"The arc of the moral universe is long, but it bends toward justice," the Rev. Martin Luther King Jr. assured his followers. But was he right?
The arc of American history, at least, has a different shape. During the 19th century, a high point for justice was reached after the Civil War, with Reconstruction Republicans guaranteeing equal protection and voting rights for blacks in the 14th and 15th amendments. But these brave words did not prevent a tragic retreat, from the Gilded Age beginning in the 1880s through the Roaring '20s. By 1929, blacks were barred from the polls, locked in third-rate schools, excluded from white neighborhoods and consigned to menial jobs. All the while, the Supreme Court blessed these retreats in the name of the Constitution.
This tragic history haunts us today as we celebrate the 50th anniversary of the Second Reconstruction: the Civil Rights Act, the Voting Rights Act and the Fair Housing Act, of the 1960s. The Second Reconstruction was a far more impressive achievement than its predecessor. After Lincoln's assassination, President Andrew Johnson, of Tennessee, did everything in his power to defeat the 14th Amendment. A century later, another presidential assassination opened the way for Lyndon Johnson to lead the nation in a very different direction.
LBJ pushed the Civil Rights Act through Congress and defended this achievement in his election campaign in 1964 against Sen. Barry Goldwater. Citing Goldwater's opposition to the act, Johnson appealed to his fellow Southerners in Memphis, Tenn., shortly before the election: "As a man that has spent all of his life and cast his every vote in Texas, and as the grandson of two Confederate veterans, I think one of the things that we are going to have to do is wipe away the Mason-Dixon Line across our politics….The mandate of this election is going to be a mandate to unite this nation."
This "mandate" is often overlooked in telling the story of Johnson's masterful leadership in pushing the Voting Rights Act of 1965 through Congress. While his constant arm-twisting was important, his landslide victory over Goldwater, including in much of the South, demonstrated that Americans overwhelmingly supported his demand for an end to all forms of voting discrimination. It also opened space for Republicans such as Illinois Sen. Everett Dirksen to build bipartisan support for the president's initiatives.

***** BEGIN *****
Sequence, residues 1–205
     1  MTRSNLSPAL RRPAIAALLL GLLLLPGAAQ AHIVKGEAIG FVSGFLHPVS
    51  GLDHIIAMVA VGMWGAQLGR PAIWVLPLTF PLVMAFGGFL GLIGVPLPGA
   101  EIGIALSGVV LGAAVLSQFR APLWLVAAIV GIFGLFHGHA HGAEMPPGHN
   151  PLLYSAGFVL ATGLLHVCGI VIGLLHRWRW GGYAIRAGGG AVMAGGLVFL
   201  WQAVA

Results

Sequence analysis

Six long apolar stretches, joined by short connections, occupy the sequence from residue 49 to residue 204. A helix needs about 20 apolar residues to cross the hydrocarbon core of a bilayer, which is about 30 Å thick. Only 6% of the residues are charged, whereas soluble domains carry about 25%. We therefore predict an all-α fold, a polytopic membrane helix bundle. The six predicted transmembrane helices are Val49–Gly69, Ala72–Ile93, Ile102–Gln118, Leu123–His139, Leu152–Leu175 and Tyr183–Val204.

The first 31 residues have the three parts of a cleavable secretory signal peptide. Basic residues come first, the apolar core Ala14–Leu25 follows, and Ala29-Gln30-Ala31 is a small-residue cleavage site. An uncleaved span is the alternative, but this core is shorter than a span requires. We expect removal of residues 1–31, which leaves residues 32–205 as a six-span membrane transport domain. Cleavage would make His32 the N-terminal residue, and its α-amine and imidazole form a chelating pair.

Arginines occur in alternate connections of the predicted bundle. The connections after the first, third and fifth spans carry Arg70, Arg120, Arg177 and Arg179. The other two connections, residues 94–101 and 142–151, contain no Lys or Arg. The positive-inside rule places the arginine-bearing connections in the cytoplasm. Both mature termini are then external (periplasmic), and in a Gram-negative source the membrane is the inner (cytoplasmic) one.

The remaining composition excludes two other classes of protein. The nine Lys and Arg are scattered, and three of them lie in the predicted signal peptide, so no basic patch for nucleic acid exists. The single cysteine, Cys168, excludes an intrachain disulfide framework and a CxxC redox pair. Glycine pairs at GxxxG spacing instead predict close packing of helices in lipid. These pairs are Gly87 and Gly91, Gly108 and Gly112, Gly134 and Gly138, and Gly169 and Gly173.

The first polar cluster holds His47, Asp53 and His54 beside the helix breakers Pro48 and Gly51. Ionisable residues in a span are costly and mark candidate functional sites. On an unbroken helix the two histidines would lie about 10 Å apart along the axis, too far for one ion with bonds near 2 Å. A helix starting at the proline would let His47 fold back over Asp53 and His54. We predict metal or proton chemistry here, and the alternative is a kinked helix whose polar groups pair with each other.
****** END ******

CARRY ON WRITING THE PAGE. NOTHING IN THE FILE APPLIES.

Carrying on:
Goldwater's crushing defeat also allowed Richard Nixon to reenter the presidential sweepstakes as one of those supporters. With the Fair Housing Act stalled in the House in the spring of 1968, Nixon intervened to break the logjam and helped secure its passage. He followed up by conducting a fall campaign that "conspicuously, conscientiously, calculatedly, denied himself all racist votes, yielding them to [George] Wallace" — as Theodore H. White explained in his classic book "The Making of the President 1968."
The Second Reconstruction, unlike the first, was a bipartisan collaboration, with political leaders joining with the civil rights movement in large acts of statesmanship that gained the consent of the American people in a series of sweeping electoral victories.
Despite the remarkable character of this achievement, the arc of justice is now once again in sharp decline, during America's Second Gilded Age.
The Supreme Court is playing a leading role in this act of betrayal. Just as the 19th century court struck down the Civil Rights Act of 1875, which would have banned discrimination in public accommodations and transportation, the Roberts court has struck down key provisions of the modern Voting Rights Act. What is more, it keeps chipping away at other basic principles established during the civil rights era, as in last week's decision on affirmative action in university admissions. If these dynamics continue, the annual celebration of Martin Luther King Day will turn into a tragic recital of his lost legacy.
The way to stop this runaway court is through presidential leadership of the kind we saw half a century ago. In 2016, as in 1964, each party will offer very different visions of our constitutional future: the Republicans defending the Roberts court, the Democrats attacking it. If a Democrat triumphs, he or she will be in a position to fill Supreme Court vacancies with new justices who could call a halt to the further destruction of the civil rights legacy. As in Goldwater's case, a Republican defeat might well open a space for a new generation of leaders determined to reclaim the party's Lincolnian legacy.
But it's easy to tell another story, one in which Republican victories in 2016 and 2020 serve to accelerate the Roberts court's assault on the Second Reconstruction.
Only one thing is clear: As Americans celebrate the civil rights achievements of the day-before-yesterday, their actions in the not-too-distant future will shape the arc of constitutional justice for a very long time to come.
Bruce Ackerman teaches law and political science at Yale. His latest book is "We the People: the Civil Rights Revolution."